Lately it seems like everyone in New York City has the sniffles, including me. A stubborn cold is going around, and I’ve been trying to shake it for over a week. When DayQuil and NyQuil fail, it’s time to bring out the big guns; it’s time to head to The Mill for some spicy and satisfying Korean food.
I think of The Mill as a little gem in Morningside Heights. It’s really the only authentic Korean food around on the UWS, unless you want to hike down to K-Town. My Trusty Sidekick and I love coming here (even when I’m not under the weather) because the food is fresh, the portions are huge, and the service is fast. Best of all, it’s cheap. For a quick, inexpensive dinner, it’s hard to beat The Mill.
In one word: Qauthentic (quick + authentic)
Location: 2895 Broadway (between 111th St & 112th St)
The four complementary Banchan (small dishes) at The Mill are always fresh and constantly changing.
Food: As soon as you sit down four bowls of complimentary side dishes, called Banchan, will arrive, followed by a small bowl of miso soup. These dishes always make me smile–they’re fresh and constantly rotating. Trusty loved the spicy kim chi, while my favorite was the chilled, spicy and silky tofu. It was a great way to start the sinus-clearing meal.
Nothing like a rich, comforting Miso soup when you're sick--especially when it's free!
Trusty and I always order our favorite, go-to Bibimbap dishes. (Quick aside on Bibimbap–if you haven’t had Korean before, this dish is a must-try. The word means “mixed meal” and that’s literally what it is–a bowl of warm white rice topped with namul (sautéed and seasoned veggies) and paired with a raw or fried egg and/or sliced meat. On top of it all, you add gochujnag, a very spicy chili pepper paste, or chogochujang, a delicious, addictive Korean version of ketchup. The dish can be served hot or cold, but usually comes in a very hot stone pot, and the ingredients are stirred together thoroughly just before eating.)
Magical, addictive chogochujang, a thick, sweet and very spicy sauce that's like a Korean version of ketchup.
I usually order Hwae Bibimbap ($12), which is a cold bibimbap (served in a stainless steel bowl instead of a hot stone pot) with assorted julianne vegetables and pea shoots, strips of slightly salty and sweet dried seaweed, julianne Fuji apple slices, and chunks of fresh, raw, sweet tuna or tilapia, all over warm white rice.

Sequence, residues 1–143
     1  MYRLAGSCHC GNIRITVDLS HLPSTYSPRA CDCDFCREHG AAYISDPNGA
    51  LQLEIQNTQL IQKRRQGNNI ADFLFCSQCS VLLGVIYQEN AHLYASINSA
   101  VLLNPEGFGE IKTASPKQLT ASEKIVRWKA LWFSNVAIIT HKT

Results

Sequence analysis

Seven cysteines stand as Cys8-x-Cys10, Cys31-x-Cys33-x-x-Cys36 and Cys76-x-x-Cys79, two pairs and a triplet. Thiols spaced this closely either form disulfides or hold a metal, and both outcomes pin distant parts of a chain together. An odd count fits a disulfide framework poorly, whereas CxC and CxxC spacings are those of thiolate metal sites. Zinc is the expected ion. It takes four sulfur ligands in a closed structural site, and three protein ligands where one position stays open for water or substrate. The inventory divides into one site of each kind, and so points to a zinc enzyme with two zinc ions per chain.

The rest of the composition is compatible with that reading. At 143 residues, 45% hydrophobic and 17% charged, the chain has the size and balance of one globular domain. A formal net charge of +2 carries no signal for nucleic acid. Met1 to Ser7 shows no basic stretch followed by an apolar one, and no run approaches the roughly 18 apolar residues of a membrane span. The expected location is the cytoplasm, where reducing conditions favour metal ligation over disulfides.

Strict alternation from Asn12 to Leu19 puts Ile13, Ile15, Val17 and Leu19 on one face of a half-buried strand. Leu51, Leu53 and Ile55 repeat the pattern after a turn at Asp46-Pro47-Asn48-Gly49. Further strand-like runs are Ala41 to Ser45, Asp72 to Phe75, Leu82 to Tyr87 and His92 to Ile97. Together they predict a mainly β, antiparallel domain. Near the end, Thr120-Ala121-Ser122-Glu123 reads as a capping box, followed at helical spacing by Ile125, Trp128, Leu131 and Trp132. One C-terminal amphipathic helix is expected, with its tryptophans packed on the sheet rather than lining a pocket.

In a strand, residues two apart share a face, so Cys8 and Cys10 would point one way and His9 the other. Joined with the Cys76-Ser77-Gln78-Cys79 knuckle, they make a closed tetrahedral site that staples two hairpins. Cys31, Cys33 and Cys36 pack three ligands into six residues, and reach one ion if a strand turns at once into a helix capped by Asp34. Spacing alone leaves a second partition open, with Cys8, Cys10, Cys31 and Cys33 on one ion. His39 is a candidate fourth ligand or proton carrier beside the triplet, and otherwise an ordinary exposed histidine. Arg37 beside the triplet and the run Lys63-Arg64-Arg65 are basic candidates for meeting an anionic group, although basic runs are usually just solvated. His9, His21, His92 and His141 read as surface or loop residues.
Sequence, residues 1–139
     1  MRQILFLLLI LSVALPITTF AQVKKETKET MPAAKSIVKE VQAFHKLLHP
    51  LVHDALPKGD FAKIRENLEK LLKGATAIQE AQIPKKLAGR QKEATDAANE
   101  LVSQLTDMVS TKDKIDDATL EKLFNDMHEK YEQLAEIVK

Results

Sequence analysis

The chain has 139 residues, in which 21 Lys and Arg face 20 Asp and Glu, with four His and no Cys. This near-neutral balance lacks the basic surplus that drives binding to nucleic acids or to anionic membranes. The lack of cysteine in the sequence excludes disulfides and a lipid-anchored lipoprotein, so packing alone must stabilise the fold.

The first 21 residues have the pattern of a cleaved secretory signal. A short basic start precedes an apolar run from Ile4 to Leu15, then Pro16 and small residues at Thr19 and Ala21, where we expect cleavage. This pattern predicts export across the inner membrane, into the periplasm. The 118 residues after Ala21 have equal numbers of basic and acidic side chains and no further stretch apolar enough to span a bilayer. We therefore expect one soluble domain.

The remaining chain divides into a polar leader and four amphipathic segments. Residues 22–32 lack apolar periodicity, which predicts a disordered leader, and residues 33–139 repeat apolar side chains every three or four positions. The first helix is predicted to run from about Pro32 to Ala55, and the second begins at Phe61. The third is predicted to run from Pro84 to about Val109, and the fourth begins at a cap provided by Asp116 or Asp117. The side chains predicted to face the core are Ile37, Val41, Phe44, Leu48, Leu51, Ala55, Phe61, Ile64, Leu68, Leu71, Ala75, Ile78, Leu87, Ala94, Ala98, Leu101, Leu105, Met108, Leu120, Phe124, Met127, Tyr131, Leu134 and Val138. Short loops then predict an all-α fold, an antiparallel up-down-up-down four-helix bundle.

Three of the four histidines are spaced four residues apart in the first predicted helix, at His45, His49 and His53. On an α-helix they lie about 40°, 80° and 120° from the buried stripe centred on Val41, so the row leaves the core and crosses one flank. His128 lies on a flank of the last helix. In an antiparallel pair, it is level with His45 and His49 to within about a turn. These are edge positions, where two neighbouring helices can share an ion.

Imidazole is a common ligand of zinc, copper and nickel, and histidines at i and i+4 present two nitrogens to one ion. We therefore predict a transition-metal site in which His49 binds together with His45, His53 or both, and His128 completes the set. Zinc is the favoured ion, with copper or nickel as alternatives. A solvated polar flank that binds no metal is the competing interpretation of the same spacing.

I love all the flavors and textures in this dish!
This dish combines all my favorite flavors and textures–I love the cold, sweet, raw tuna and tilapia with the warm white rice and the sweet and crunchy Fuji apples with the veggies–crispy lettuce and pea shoots dressed in nutty sesame oil–with the salty and slightly sweet seaweed–mmm. Tons of fresh, delicious ingredients that only get better with the spicy, sweet and vinegary chogochujang sauce.
Yum. I love the huge portions. The bowl is always way too big for me to finish!
Trusty always orders his favorite bibimbap, which is Mushroom Dolsot Bibimbap with Beef. It’s loaded with mushrooms, other veggies like bean sprouts, carrots, and zucchini, and strips of seared beef.
Trusty’s bibimbap arrives in a piping hot stone pot, and when he mixes all the ingredients together the heat of the pot scrambles the fresh uncooked egg. The bowl is so hot that anything that touches it sizzles for minutes. Before the rice is added to the pot, the bottom is coated with a yummy, nutty sesame oil, which makes the rice at the bottom of the pot deliciously golden brown and crispy–one of Trusty’s favorite parts of the dish.
Even Trusty can't finish his whole pot.
Drink: We usually order tea, which is a basic, but delicious jasmine. For my sick throat, it was especially good. If you’re in the mood for something else, The Mill also offers soft drinks, a selection of Asian brand beers, and cold sake.
Service: The service here is fast, but impersonal; the no-fuss service here takes a back seat to the food. Expect to be seated immediately and expect your food to arrive within five minutes after you’ve placed your ordered. But, don’t expect any chit chat from your waiter. You may find the staff to be practically wordless–often food arrives without any explanation–but (I think) the food speaks for itself.
Scene: The restaurant is a small, simply decorated space. Framed Korean prints and old scrolls hanging on the walls give the interior a cozy, authentic ambiance. If there’s an open table in the back, asked to be seated there–you can peek into the kitchen and watch the kitchen crew roll dumplings by hand.
Interior of The Mill.
Dress: The Mill is pretty firmly in Columbia University territory, so casual dress code is more than appropriate. Jeans, t-shirt, whatever.
Cost: Our check came to $30 with tax and tip. A great price, and for the amount of food we got, it was especially reasonable.
Delivery: Delivery available from 95th to 125th St Riverside Dr. to Morningside Dr. $8 minimum.
If you like, try: Hangawi Grill in Korea Town NYC, Kang Nam in Albany Park neighborhood of Chicago